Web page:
After winning the 2024 LPGA season opener at the Hilton Grand Vacations Tournament of Champions, Lydia Ko talks about shifting her mindset following a frustrating 2023

Did you learn a lot about yourself from your 2023 season?

I cry a lot would be something that I learned. I'm like, man, I got to get the faucet to stop crying! My mom says that, too, you cry a lot. Last year was hard because I won in Saudi, which was my first event of the season, and then I thought I would ride the high and hit a top 10 in Thailand.

My ball striking started not being as solid from there onwards. I think missing the cut at Chevron, yeah, it sucks to not play the weekend, but I took it as too big of a deal. I think so many great things happened that hit me a lot harder. Maybe it might have been better if I had just been a little bit more level headed and been like, hey, this is just not my week. I just got to focus on what are the things I need to get better at.

I think I was so impacted just by the result and that's what led me to a few months of struggling, feeling like I'm walking on quicksand. But having a one-under-par round and then backing it up with another under-par round the next day, those small things really mattered.

Taking small wins is an important thing when we're out there.

You have mentioned previously that you weren't sure if you were going to win again. What gets you to that point and how do you pull back from that?

I don't think it takes much to get you to a point where you are unsure if you'll win. I'm playing alongside the best female golfers week in, week out. You know that your B Game is probably not going to cut it. You need to put four solid rounds, and then, hey, you might be in contention or around the top of the leaderboard.

It's just when things don't go your way and you feel like you put in the right work but the results don't show, then you kind of start to wonder, like is my time ever going to come? That thought has come across my mind before. I guess winning in Hawaii, it was my first win in three years. I'm pretty sure in those three years and even in 2020 where I had a lot of Top 10s, I still wondered, oh, maybe I'm only going to have Top 10s. That might be the highest place I get to.

When you win I think it definitely gives you a sense of relief then just to say, hey, I can do it. But there is no way around thinking that it's easy to win. I think golf is one of the random sports, the only sport where random people think, oh, I could totally beat her, or if I played on tour I would win like three times in a season.

I say nobody is probably doing that about hitting home runs or being champion in other things. Golf in a way, because it is so relatable, people think it's easy, but it's not. In my 11 years, I've seen the Tour grow so much and the level of play is so high that to be able to win a week like today, is just pretty cool. But you know that you’ve got to keep pushing yourself to your limits and working hard, because none of it comes easy.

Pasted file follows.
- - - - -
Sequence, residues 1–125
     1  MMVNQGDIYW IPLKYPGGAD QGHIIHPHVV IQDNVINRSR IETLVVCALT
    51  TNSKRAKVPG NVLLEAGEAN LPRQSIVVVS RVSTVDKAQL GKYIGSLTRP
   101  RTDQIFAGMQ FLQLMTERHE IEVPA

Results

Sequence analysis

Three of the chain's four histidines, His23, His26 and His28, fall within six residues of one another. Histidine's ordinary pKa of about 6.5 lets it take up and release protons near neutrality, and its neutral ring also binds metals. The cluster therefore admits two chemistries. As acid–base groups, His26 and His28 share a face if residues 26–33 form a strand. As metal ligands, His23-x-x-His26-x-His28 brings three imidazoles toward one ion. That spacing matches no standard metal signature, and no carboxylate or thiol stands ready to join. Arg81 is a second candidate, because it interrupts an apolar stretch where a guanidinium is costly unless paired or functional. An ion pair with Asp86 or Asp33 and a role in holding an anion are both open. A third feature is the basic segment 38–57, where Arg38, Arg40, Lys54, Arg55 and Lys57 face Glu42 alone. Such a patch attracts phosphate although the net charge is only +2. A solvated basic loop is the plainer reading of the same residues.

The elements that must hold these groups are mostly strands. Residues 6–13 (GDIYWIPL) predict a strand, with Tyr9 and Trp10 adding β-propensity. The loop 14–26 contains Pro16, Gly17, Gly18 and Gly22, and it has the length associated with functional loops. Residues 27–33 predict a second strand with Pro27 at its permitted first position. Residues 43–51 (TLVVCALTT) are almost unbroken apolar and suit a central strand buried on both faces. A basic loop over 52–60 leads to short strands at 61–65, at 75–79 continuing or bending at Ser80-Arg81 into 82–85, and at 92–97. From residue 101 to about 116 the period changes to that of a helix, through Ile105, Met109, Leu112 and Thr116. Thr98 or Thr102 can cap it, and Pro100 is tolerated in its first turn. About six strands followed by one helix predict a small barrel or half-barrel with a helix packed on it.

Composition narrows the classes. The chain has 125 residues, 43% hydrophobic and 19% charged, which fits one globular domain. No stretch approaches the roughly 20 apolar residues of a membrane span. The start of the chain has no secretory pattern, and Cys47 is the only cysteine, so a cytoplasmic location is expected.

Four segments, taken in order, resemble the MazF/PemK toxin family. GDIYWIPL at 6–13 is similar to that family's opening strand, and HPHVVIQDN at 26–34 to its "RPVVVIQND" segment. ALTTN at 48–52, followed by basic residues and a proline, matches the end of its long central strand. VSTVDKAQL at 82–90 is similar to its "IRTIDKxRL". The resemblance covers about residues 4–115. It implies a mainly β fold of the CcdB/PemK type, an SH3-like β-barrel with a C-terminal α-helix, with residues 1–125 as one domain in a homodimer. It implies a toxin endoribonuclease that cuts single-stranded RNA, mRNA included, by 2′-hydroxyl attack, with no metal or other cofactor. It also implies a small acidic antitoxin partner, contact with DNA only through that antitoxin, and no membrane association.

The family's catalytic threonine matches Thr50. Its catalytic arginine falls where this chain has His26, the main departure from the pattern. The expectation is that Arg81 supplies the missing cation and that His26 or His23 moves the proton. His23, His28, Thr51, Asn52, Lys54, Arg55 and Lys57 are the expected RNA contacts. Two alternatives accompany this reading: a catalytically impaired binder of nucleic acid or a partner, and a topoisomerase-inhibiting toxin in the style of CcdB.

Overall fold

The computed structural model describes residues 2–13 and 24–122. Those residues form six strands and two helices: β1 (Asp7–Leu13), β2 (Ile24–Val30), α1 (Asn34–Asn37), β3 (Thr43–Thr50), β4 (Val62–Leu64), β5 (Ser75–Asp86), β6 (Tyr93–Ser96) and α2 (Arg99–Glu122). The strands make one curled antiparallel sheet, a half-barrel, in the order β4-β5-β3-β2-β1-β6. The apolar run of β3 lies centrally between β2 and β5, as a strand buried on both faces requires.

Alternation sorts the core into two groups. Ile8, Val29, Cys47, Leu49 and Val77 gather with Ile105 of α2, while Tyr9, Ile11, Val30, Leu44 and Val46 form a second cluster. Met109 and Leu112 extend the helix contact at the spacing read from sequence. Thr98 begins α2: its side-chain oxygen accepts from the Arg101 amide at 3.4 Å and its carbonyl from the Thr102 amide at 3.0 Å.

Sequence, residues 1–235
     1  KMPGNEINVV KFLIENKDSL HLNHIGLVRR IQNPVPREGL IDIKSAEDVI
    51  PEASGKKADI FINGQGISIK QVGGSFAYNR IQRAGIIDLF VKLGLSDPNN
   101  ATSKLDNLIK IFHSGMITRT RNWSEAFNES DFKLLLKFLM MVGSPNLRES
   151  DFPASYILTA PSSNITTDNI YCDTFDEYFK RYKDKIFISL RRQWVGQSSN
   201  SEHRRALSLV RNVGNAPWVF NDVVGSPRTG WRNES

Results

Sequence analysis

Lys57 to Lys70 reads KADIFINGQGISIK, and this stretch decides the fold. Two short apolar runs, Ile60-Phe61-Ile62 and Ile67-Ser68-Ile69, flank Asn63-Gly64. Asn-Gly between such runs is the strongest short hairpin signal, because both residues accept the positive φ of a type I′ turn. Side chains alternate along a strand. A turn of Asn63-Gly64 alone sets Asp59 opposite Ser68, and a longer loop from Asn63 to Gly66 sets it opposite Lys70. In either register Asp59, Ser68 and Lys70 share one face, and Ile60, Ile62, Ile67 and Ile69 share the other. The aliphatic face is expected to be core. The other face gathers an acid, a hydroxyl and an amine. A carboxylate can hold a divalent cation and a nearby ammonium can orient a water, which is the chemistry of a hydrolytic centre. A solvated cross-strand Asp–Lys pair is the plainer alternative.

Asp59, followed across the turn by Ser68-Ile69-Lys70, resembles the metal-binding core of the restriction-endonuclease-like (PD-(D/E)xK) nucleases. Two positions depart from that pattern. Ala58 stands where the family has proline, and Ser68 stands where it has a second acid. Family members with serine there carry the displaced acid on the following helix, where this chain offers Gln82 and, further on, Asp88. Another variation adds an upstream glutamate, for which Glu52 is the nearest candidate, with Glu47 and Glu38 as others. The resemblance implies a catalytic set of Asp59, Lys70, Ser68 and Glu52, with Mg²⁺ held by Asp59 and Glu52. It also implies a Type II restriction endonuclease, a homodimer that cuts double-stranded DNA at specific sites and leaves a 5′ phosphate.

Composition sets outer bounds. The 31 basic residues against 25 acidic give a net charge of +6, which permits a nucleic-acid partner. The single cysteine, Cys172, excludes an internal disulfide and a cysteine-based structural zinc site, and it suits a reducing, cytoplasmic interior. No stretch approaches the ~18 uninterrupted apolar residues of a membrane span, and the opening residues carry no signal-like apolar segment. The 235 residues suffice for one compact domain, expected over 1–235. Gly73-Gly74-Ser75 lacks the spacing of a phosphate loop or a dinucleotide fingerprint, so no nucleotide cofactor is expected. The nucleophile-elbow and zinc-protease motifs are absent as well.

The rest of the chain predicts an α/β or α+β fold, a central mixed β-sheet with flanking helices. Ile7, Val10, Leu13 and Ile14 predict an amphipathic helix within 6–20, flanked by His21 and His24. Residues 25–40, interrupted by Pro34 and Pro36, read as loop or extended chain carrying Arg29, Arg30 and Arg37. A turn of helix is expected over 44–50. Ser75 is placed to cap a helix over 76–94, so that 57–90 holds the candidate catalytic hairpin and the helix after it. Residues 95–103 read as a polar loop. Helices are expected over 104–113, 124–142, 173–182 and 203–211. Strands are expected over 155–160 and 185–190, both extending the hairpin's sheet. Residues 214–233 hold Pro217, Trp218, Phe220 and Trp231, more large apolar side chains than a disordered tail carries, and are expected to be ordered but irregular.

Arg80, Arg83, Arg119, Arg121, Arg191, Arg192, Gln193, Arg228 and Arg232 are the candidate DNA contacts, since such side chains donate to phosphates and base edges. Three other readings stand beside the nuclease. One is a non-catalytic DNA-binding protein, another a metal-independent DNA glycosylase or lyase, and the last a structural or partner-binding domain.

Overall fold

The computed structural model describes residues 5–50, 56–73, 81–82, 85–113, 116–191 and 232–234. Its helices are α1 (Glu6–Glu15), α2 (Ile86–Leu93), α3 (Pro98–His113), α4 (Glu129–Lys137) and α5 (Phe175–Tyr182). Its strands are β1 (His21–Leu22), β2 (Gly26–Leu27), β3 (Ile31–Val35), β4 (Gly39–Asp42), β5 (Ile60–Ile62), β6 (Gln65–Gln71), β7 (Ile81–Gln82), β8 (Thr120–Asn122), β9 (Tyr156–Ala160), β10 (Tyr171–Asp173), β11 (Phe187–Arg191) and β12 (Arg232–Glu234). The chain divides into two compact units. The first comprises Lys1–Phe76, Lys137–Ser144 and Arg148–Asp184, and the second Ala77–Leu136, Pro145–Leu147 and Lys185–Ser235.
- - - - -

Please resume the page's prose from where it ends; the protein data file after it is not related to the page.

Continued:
What was the lowest point last year for you?

I played really well in the first round of Arkansas last year, and then I put myself in good position and on the second day. I went to like the 13th hole or something and it took me three or four chips to get on the green. I struggled that day. I think I came back to the room and I was like, I have no idea why I can't back up one good round after another. I don't feel like my game is miles off. Why can't I put the score together?

Sometimes it might be an ugly looking two-under-par and might like, oh, could have been a five, six under, but you shot two-under. There are very different ways of doing it.

I was honestly crying in my little room at Stay Bridge Suites thinking, hey, what's going to be at the end of this tunnel? But I talked to my husband and he was like, why are you putting those expectations on yourself? In a way I was like, of course I’ve got to put those expectation on myself. I'm not going to go out there feeling like I'm not going to play well.

At the same time, it's true. He's right. I can't connect my identity to golf all the time and feel like not as good of a person if I don't shoot a good score. If I'm honestly crying after every single bad round, then that's just a lot of energy burnt. So I think I should have taken a much more positive mindset, but because I had been struggling, I think I was affected by the little things more.

Does it take a win to pull you out of that I'm-never-going-to-win-again mindset, or is there middle ground somewhere?

For me, I don't think there is a middle ground. If you have ten second-place finishes that's awesome. To even finish second that many times or even like second place, two, three times, that shows the level of golf you're playing. But to win, I think there is a different notch. To be able to finish strong when there is stuff on the line is different.

For me personally, winning gives me a different realization to say I can win and be back in the winner's circle.

This week Lydia Ko will be teeing it up at the Drive On Championship at Bradenton Country Club in Bradenton, Florida where Celine Boutier will be back to defend her title.